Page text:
The Quietus - A new rock music and pop culture website

Baker's Dozen

Moulding Voices: Julia Holter's Favourite Albums
Gary Kaill , September 23rd, 2015 09:22

From a girl group compilation heard in childhood to more recently discovered singer-songwriters and jazz via a medieval mass, the LA composer talks Gary Kaill through some key albums in her record collection

Alice_coltrane_1442938807_resize_460x400

Alice Coltrane - Turiya Sings
I'm still learning about Alice Coltrane; I can't really claim to know a lot about her. I've heard a lot of music from her - she did a lot of different things - but this is the first of hers that I really listened to. The first time I heard her, I was performing on this all-night radio show in LA and it took place in a church. After I'd performed, I lay down on this pew to sleep and the DJ played this record and I woke up and it just really hit me. It was the track 'Yamuna Tira Vihari' and I was like, "Oh my god". It was so immersive and a flood of light, and so ecstatic. I can hardly explain. I was delirious, almost. There were all these strings and an organ, I think, and then her voice chanting and it's so insane.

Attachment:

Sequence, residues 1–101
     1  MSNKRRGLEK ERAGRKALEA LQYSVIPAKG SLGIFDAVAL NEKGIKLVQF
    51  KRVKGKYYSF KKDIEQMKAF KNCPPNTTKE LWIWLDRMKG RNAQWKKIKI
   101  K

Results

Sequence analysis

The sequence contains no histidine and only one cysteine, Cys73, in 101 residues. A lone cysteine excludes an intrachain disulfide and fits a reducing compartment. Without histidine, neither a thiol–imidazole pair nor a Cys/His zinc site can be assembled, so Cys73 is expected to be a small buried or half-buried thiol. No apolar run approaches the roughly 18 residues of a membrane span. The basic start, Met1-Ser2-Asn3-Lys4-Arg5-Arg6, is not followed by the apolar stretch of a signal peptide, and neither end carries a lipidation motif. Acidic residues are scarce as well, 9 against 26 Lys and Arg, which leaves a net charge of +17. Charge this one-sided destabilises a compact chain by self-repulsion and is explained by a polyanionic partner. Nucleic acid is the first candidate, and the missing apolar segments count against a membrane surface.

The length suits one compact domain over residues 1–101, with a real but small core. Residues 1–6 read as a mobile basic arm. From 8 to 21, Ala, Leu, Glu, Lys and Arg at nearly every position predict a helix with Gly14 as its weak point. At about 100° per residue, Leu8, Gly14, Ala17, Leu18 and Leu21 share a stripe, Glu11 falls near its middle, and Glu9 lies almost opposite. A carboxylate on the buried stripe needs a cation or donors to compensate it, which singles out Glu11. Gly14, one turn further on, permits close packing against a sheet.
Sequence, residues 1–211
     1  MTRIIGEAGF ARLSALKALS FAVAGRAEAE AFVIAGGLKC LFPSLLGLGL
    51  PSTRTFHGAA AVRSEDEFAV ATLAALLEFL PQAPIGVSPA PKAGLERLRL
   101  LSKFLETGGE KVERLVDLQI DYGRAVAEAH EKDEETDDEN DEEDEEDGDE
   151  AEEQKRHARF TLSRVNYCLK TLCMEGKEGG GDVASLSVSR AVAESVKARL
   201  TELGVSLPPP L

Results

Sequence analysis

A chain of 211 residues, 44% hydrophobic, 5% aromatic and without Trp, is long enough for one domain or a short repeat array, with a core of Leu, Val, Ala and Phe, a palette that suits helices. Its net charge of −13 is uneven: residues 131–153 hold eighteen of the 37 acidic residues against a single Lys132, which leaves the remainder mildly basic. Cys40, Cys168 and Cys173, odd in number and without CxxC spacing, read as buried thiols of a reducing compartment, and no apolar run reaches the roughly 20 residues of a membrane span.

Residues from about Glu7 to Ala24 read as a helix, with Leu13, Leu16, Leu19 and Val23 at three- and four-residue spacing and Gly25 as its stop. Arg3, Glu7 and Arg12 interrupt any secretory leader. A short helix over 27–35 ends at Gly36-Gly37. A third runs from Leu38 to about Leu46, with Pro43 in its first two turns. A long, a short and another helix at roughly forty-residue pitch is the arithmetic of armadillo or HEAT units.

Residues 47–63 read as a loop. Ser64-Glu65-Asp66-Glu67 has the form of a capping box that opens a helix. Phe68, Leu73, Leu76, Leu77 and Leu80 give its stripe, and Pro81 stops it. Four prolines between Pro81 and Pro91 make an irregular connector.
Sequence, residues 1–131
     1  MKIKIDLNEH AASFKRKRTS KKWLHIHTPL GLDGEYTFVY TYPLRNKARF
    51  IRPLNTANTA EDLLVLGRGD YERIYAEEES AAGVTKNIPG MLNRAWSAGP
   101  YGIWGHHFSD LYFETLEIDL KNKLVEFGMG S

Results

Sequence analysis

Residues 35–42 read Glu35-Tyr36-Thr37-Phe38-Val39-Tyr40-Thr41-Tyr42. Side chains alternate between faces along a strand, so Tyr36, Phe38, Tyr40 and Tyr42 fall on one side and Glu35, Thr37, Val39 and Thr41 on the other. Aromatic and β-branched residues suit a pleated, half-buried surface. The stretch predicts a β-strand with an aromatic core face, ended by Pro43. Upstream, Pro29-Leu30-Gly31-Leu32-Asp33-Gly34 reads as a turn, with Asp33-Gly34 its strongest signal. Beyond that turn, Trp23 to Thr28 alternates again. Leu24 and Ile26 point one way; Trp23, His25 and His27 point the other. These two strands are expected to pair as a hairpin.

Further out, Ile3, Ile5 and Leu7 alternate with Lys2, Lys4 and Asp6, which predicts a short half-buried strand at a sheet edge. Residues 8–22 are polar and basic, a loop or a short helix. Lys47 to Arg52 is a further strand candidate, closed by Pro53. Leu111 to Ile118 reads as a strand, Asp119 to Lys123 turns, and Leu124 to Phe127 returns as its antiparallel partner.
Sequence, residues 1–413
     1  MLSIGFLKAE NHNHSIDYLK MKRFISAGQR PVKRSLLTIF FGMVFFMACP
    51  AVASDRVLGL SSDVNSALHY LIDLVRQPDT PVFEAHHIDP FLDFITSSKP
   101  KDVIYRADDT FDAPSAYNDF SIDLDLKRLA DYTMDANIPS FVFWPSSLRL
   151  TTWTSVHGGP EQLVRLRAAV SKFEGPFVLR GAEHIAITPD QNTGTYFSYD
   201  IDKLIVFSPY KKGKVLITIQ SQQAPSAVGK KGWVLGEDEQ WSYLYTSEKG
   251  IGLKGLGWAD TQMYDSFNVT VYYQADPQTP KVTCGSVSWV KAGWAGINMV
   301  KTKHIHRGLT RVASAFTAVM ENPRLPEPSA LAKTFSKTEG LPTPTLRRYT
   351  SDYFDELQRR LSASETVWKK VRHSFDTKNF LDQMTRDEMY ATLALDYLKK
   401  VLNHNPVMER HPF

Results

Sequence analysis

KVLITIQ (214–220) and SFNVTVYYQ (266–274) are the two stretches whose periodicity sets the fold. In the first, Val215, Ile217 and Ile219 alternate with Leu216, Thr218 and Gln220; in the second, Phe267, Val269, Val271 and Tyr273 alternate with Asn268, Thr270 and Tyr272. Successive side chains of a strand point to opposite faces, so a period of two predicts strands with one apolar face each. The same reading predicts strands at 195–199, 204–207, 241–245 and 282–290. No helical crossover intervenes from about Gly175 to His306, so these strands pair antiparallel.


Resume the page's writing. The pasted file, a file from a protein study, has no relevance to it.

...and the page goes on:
I listen to it a lot. It's spiritual, I think - and I don't know anything about that aspect of it - but I listen to a lot of music in that way. I listen to a lot of early music and Renaissance music, a lot of choral stuff. You know that this is a spiritual record and you almost don't need to know about that aspect of it. It just gets you. But I think that's okay, I think you can do that.


If you love our features, news and reviews, please support what we do with a one-off or regular donation. Year-on-year, our corporate advertising is down by around 90% - a figure that threatens to sink The Quietus. Hit this link to find out more and keep on Black Sky Thinking.